By Ray Stern
By Ray Stern
By New Times
By Amy Silverman
By Stephen Lemons
By Stephen Lemons
By Monica Alonzo
By Chris Parker
Companies follow this pool of talent, which is drawn to cities that offer a certain lifestyle. But what creative workers want is a lot more complicated than people used to think, and that's why Florida's ideas have become so hot.
"Does Phoenix want to stick with retirement homes and manufacturing and service jobs, or make the transformation into a creative economy?" asks Florida from his cell phone as he waits in line at the airport. "You have all the great ingredients. You just need a great recipe and a great chef."
Through his research as well as a speaking engagement here two years ago -- before his book launched him to celebrity status -- Florida is already familiar with Phoenix. He's also planning to return later this month for a public lecture sponsored by New Times. The Newark, New Jersey, native, who received his bachelor's degree from Rutgers College and his Ph.D. in urban planning from Columbia University, is now one of the country's most highly sought-after consultants and speakers on economic development.
Florida, who is single, now lives in downtown Oakland, Pennsylvania, the young, student-centered suburb of Pittsburgh that's home to both Carnegie Mellon and the University of Pittsburgh. (Think: Tempe.) It's been widely noted that the inspiration for Florida's theory was born in nearby Pittsburgh -- a city known more for its blue-collar history than its high-tech future -- with an empty, staid downtown to go along with it.
In Pittsburgh, he first noticed the phenomenon that inspired his research: Creatives fleeing the city because the right lifestyle amenities weren't there. Yes, his adopted hometown had sports facilities and other major attractions. But Florida noted the absence of the connective tissue that makes city life exciting.
In short, Florida's recipe for a prosperous city boils down to making an environment where creativity can flourish.
Cities and companies can't ignore this formula if they're going to succeed, he argues. Traditional ideas about what constitutes culture -- a major art museum, a symphony orchestra, an opera company and a ballet company -- aren't enough. And big-ticket, large-venue events alone won't cut it, either. The Creative Class finds creative inspiration in random moments on a busy sidewalk, in a jazz club, at a cafe. The experience needs to be social, spontaneous and interactive, like checking out a new rock band at a downtown Austin, Texas, hangout, or people-watching at a crowded sake bar in Manhattan's East Village.
"I think many times local political leadership is the biggest obstacle," Florida says. "They really believe that this two-stadiums-and-a-convention-center' formula works. But no one cares! Look at Austin or the Raleigh-Durham-Chapel Hill area. They succeeded without any of those."
What does the Creative Class really want? Street-level culture that's authentic and eclectic, part of an accessible district of theaters, bookstores, coffee shops, bars, galleries and restaurants. Clearly, Phoenix has no such districts, just a very few funky venues strewn about empty streets, with nothing connecting the dots. Often, these places come and go too quickly to form a walkable enclave.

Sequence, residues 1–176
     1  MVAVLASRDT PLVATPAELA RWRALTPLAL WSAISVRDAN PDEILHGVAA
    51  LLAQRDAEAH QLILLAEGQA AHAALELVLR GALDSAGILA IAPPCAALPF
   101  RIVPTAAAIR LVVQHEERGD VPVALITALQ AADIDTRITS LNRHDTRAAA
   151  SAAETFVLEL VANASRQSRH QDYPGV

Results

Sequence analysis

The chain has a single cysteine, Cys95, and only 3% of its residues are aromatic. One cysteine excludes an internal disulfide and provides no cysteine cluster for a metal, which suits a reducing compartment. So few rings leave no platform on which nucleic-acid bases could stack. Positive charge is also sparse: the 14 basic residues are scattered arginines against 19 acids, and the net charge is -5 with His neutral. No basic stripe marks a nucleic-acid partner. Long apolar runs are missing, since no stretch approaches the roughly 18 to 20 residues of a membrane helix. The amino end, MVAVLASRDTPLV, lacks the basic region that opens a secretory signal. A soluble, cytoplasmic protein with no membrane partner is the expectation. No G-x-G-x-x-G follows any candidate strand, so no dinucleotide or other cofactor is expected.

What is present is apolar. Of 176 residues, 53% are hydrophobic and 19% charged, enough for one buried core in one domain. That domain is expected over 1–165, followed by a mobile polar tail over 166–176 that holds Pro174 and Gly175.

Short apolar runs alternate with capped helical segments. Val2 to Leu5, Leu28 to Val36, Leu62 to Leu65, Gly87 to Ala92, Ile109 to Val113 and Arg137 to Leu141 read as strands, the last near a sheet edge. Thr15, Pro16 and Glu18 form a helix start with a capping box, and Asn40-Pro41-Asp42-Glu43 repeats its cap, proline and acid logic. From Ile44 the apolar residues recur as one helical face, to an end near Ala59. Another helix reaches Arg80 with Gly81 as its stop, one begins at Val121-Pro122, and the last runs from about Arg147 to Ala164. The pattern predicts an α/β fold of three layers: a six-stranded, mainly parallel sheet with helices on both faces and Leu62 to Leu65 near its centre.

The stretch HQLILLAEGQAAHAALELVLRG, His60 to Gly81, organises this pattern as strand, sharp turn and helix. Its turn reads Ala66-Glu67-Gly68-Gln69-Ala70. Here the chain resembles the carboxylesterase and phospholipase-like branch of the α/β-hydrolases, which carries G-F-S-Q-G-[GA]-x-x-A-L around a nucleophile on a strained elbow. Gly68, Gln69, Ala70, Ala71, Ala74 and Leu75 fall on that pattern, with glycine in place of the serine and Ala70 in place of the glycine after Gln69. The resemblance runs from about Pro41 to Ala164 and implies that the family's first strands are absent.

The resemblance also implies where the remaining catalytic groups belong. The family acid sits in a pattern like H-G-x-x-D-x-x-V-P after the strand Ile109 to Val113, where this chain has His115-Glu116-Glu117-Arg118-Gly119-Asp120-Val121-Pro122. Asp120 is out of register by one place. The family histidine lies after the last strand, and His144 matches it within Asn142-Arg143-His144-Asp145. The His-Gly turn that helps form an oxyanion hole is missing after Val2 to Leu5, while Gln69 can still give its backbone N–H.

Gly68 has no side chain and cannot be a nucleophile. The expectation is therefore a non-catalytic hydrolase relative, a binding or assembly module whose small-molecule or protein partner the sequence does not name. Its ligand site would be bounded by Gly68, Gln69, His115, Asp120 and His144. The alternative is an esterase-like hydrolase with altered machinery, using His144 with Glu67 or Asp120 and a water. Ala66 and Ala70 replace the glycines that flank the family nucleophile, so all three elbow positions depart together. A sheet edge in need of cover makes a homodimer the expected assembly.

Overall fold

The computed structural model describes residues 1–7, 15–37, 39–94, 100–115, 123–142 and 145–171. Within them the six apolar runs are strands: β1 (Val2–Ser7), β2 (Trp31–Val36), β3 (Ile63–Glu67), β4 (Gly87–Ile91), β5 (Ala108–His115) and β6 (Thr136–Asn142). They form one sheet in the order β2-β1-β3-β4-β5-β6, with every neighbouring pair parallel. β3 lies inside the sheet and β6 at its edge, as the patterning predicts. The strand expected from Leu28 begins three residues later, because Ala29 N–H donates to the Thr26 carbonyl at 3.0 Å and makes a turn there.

People-watching is important, too -- just being out on the street at any time of the day or night, seeing life stream by, is stimulating. A city needs a vibrant music scene, art scene, film scene, nightlife scene and outdoor recreation scene. And it's important for clubs and restaurants to be open late -- creative people need to be able to get their cultural fix anytime.
Based on all of the above, Phoenix has a lot of work to do. But Florida thinks investing in a dense urban core is worthwhile. "And Phoenix can afford it," he says, because the area's growing so fast.
"What Phoenix can do is become more of itself," Florida says. "There's an attempt to make it generic. But you have this amazing desert, and an amazing range of architecture. You're much better off focusing on the small, everyday things like restaurants and places to walk your dog. Things you can do 365 days a year."
One person who craves round-the-clock culture is Cindy Dach, a former New Yorker who says one of her simplest wishes is to be able to walk to get a cup of coffee in the morning or a glass of wine after work. "Why should that be so hard?" she asks.
A fan of Florida's book, Dach doesn't merely pay lip service to the notion of creating a vibrant downtown. Although her day job takes her to south Tempe, where she coordinates events and marketing for Changing Hands Bookstore, Dach spends much of her time in downtown Phoenix. She is a founding member of the Eye Lounge art collective and gallery, one of the requisite stops on the downtown First Fridays art walk, and is a founding member and board member of Arizona Chain Reaction, a group of local independent businesses. With her husband, Greg Esser, who is also involved in Eye Lounge, Dach also recently established Sixth Street Studios, an artist live/work space and gallery.
"What I most appreciate about Richard Florida is that he actually sat down and wrote the book," she says. "I think artists and gays and creative types have been making cities cool for years, but they're not the most organized class of people by nature. And for somebody to actually organize your ideals into a dissertation type of book, to present to us This is why cities work' -- I can't go on by saying it's the most novel idea. I feel the idea's been out there. But it's never been communicated well."